Type I Diabetes and Exercise

Type I Diabetes and Exercise

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(Image via ESPN)

Type I Diabetes and Exercise

In February, I was glued to the TV, obsessed with the Winter Olympics in Sochi.  I love the Olympics and just about any sport is worth watching, in my opinion.  I got pulled into the cross country ski races more than usual this year because the announcers made those distance races so interesting and fun to watch.  As I obsessively hung on each word one afternoon, I learned one of the American cross country racers, named Kris Freeman,  has Type I Diabetes (TID).

Kris Freeman

(Image via Kris Freeman’s Twitter account)

This made me gasp out loud with surprise.  You see TID’s suffer from an autoimmune disease where their pancreas no longer produces insulin which puts them at risk for high blood sugars and they are dependent on insulin injections for the rest of their lives. It also puts TID’s at risk for sever low blood sugar (hypoglycemia) and for such  rigorous endurance races as  Kris trains for and participates in, not only is his ability to perform but perform these races as one of the best in the United States and compete on the world stage is amazing to me.

Type I Diabetes and ExerciseI was also so astounded by Kris Freeman and his accomplishments because I have a particular interest in TID.   My oldest daughter (Ella, Age 8) was diagnosed with Type One Diabetes two years ago.  Ella handles this broken pancreas situation extraordinarily well.  She is my hero in what she endures every day in managing this disease.  We manage her blood sugars well, but there is such a constant effort in managing blood sugars for an 8 year old who is active in dance, swimming, basketball and all sorts of other kid stuff.  I cannot fully wrap my head around the effort and planning Kris Freeman must go through on a daily basis.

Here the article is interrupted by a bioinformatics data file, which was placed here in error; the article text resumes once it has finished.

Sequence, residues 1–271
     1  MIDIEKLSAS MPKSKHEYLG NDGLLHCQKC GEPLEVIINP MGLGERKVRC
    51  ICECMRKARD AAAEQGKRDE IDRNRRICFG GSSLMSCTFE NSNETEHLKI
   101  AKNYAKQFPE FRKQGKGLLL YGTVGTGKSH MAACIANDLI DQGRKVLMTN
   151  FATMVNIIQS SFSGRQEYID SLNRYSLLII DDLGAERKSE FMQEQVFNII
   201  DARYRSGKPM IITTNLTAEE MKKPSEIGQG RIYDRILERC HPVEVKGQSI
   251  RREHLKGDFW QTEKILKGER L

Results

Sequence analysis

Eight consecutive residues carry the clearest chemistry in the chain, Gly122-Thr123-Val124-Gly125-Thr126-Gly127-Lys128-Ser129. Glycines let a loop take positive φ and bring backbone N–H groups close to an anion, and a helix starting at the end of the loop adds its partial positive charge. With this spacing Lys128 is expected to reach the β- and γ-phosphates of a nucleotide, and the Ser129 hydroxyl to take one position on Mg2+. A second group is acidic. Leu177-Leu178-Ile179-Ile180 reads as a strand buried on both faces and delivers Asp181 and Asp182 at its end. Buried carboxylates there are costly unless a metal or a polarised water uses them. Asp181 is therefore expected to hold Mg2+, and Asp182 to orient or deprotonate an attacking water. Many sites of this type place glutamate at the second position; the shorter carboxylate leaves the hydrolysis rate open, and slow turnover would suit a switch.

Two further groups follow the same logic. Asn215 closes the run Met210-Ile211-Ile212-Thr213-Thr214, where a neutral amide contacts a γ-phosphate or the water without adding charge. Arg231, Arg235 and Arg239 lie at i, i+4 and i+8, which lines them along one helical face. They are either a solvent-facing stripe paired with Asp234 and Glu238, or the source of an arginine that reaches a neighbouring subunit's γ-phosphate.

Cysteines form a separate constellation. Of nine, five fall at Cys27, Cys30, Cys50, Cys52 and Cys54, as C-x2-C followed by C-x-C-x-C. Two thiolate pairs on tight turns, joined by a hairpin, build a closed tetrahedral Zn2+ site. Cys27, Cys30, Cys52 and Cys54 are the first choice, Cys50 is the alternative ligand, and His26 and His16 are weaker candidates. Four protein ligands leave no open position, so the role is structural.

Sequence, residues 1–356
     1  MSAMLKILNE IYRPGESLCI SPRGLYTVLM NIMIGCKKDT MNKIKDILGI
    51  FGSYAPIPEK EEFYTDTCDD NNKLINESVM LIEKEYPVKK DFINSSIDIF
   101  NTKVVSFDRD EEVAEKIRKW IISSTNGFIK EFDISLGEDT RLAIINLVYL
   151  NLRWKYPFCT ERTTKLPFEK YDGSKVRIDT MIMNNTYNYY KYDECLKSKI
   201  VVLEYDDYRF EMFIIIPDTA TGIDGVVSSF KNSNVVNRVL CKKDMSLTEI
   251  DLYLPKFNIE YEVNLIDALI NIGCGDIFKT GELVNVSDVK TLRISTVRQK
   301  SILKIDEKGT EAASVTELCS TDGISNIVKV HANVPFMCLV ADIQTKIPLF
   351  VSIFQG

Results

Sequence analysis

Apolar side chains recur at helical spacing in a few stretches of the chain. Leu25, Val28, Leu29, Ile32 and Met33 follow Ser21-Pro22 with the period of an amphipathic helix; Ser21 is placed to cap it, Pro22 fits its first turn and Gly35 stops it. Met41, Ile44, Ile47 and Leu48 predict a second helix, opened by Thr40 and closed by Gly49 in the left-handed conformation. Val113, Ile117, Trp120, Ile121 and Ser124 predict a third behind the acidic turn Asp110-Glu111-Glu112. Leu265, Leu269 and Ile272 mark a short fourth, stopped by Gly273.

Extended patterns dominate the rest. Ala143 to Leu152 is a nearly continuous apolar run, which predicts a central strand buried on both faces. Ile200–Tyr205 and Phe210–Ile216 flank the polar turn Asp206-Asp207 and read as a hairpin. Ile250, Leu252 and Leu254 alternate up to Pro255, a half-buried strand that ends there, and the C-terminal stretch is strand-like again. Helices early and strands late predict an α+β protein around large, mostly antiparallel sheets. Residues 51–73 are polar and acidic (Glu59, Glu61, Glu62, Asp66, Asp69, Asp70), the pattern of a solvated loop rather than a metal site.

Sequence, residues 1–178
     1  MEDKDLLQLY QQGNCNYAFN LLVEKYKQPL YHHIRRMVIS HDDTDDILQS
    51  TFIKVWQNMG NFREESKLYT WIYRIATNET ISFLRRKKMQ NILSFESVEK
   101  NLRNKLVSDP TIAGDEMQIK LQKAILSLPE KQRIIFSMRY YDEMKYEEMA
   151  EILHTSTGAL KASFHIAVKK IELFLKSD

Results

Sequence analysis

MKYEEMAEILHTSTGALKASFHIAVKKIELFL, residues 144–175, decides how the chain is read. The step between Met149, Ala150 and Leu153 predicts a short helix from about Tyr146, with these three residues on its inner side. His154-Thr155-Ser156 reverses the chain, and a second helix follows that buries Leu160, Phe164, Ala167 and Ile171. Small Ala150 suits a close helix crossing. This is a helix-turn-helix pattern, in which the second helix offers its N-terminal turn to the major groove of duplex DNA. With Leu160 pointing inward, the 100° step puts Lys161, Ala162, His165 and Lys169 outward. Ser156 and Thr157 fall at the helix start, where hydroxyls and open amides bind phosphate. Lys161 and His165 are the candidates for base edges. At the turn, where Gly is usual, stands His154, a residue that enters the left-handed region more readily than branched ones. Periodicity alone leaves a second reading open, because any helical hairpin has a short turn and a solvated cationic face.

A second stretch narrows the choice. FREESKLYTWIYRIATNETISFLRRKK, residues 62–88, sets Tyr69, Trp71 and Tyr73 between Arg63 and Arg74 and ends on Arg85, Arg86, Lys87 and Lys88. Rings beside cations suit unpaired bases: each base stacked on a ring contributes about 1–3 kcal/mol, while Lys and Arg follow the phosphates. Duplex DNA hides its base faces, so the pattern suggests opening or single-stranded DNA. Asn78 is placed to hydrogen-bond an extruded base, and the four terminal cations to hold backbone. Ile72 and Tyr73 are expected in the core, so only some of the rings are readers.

What I have already realized, but seeing it at the Olympics brought new definition to, is that TID’s do not have to be limited.  They can and should be active.  Whether is it at an Olympic level or at an 8 year old level, finding what is fun and motivating is what a person needs to find and participate in. And that is my message to anyone dealing with TID who might read this blog post.  Don’t be afraid to be active.  You need to be for your health and well being. Talk with your endocrinologist and diabetic educators to learn what a safe level of activity is for you and how to manage your insulin and carbohydrate (the sugar producing food that needs to be managed in TID) intake with activity.

Type one diabetes can be a scary thing.  It can make you feel like you should limit what you do, but that couldn’t’ be further from the truth.  If Kris Freeman can ski 50 kilometers and Ella can do all sorts of sports and be well managed, anyone can find some kind of activity to keep them well and healthy.

Thanks for reading and I look forward to your feedback below!

– Amy

Pre diabetic solutions

Amy Prose

Amy Prose

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